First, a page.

MEYER: Well, we hope to get an agreement that recognizes that we have a gap between the commitments that have been put forward by countries so far, and what we need to do if we're going to have a chance to stay under the two degrees Celsius limit, 3.6 degrees Fahrenheit limit, that President Obama and other leaders agreed to in Copenhagen six years ago. And we need a process that gets countries to return to the table relatively quickly to ramp up the level of ambition of their commitments, certainly no later than the end of this decade. We can't afford to lock into place the current level of ambition out to 2030 and think that we have a chance to avoid the worst impacts of climate change.
CURWOOD: You mention the two degree target, but speaking from your perspective, from the Union of Concerned Scientists, how safe is that as a limit?
MEYER: We would not use the word "safe". I mean, you can see what is happening around the world now in terms of climate-related impacts at less than one degree Celsius, so the reality is there really is no safe level. I think what you have to look at is sort of two degrees as a defense line, but if we go beyond that we increasingly get into very dangerous territory. And, frankly, scientists are concerned about where are the tipping points, where are the irreversible impacts where you can't turn things around, and the reality is we don't know exactly where those are. So we have to be very cautious about how great an experiment we run with the planet in terms of temperature increase.
CURWOOD: We've been talking about limits for emissions of greenhouse gases. What about the need to have an international agreement that deals with the question of adaptation, updating the agreement?
MEYER: Well, that's the other side of this. There needs to be a recognition, even if we succeed in holding temperature increases under the two degree Celsius goal, that the world is going to experience increasing impacts of climate change in coming decades, just on the basis of the emissions we put into the atmosphere over the last century and a half. We're committed to almost 1.5 degrees warming no matter what we do, if we turned emissions off overnight, which of course we are not going to do, and we're only a little under one degree of warming experience to date. So you can imagine what the future is going to look like in terms of sea level rise, in terms of drought, flooding, other climate impacts and we need strategies in the Paris agreement to ramp up assistance to, particularly, vulnerable developing countries to build their ability to adapt and cope with what's coming at them.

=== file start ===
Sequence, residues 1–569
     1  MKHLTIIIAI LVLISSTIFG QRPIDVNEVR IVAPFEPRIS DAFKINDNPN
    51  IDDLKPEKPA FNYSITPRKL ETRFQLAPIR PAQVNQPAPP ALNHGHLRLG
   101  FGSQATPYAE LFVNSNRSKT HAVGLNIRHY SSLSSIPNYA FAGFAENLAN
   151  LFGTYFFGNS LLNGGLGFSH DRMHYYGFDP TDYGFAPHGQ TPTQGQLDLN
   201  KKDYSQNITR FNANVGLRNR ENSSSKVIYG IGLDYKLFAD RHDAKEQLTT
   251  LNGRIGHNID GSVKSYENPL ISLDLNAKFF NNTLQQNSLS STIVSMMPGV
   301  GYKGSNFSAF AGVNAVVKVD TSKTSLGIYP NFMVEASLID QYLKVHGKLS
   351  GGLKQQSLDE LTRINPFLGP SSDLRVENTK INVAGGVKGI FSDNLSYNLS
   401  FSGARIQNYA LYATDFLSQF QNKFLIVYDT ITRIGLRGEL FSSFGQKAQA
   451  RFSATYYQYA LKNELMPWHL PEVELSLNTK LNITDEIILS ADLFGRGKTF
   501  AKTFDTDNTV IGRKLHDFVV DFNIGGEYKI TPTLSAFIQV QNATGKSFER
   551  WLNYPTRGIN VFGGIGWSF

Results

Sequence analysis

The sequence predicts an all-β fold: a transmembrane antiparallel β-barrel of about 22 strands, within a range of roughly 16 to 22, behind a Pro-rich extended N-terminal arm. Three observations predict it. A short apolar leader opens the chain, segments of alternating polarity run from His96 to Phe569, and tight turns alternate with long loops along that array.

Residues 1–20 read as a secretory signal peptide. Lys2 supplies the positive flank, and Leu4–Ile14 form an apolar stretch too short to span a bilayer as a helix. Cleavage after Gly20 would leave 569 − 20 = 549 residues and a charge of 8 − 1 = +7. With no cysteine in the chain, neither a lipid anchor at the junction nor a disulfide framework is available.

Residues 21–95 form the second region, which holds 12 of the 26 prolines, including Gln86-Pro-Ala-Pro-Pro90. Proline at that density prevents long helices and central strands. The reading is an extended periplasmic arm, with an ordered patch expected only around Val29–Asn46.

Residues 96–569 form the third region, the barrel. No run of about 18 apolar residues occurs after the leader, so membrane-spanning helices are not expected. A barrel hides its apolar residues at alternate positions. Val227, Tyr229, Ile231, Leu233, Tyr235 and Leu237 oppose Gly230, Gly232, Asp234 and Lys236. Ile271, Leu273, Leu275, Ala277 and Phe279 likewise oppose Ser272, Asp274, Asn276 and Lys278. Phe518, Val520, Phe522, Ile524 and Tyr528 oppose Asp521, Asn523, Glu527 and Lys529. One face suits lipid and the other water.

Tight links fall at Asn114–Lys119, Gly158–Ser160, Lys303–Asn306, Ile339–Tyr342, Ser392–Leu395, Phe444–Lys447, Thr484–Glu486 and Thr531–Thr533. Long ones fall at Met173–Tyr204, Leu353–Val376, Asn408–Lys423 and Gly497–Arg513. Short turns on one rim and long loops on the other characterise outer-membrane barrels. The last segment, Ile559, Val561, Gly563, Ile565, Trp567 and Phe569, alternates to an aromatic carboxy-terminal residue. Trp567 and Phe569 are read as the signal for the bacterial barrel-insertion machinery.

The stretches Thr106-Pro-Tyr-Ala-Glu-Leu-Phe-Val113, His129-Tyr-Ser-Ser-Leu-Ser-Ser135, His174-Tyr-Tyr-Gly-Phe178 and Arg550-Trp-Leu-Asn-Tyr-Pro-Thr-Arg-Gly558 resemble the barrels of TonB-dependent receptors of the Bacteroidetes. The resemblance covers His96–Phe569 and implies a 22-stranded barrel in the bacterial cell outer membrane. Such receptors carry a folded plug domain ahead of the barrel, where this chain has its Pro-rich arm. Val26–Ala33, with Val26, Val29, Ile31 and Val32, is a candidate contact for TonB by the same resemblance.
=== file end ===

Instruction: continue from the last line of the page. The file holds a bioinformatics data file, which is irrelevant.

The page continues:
CURWOOD: Let's talk about where the negotiations are now, headed into this week where the ministers come together to find political solutions. First, what about on the question of limiting emissions, where are the sticking points now? What needs to be resolved?
MEYER: Well, there are several issues there. One is the long-term goal. What is the long-term direction we're trying to set in this agreement of where the world needs to be by mid-century in terms of emissions. That's quite a contentious issue. The science is pretty clear that we need to be well on a pathway to totally decarbonizing the global economy by midcentury if we're going to avoid the worst impacts of climate change. Another issue is how quickly we review the effectiveness of what countries have put on the table. Many of the most vulnerable countries and the nongovernmental groups have been pushing for a review no later than the end of this decade, because it's quite clear that we need to increase activities starting no later than 2020. A third issue is how you provide support for developing countries to unlock the conditional offers they've made to increase the ambition of their efforts if they have access to finance, technology, and other support, so that's being discussed. These are all tough issues but they're all key to getting the ambition package we need in the Paris agreement to deal with the gap.
CURWOOD: What about the sticking points on adaptation, what needs to be settled by these ministers?
MEYER: Well, there's a couple of issues there. One is whether developed countries in particular will commit to increase the share of their public finance support going to adaptation. Right now I think it's less than 20 percent of the total amount of climate finance provided to developing countries is on adaptation. The large share of it is for mitigation activities. So that needs to be ramped up, because, as opposed to investments in clean energy technologies and other mitigation strategies, adaptation is one area where you can't leverage private sector finance to the extent you can on something like renewable energy investments, or cleaning up a power plant, or energy efficiency and buildings. So there needs to be greater public finance. The other issue is helping countries develop the capacity to do adaptation planning and implementation. This is a tricky business that cuts across every sector in the economy, from healthcare to agriculture to coastal impacts, and it really does take well-trained infrastructure and people to deal with what they have to do on adaptation.
CURWOOD: The president of China said it's important to have a binding agreement here, a legally binding agreement here. The United States is a little nervous about some of this language, as I understand it, because it's unlikely to ratify any new treaty brought forth by the Obama administration. How does this process thread that needle?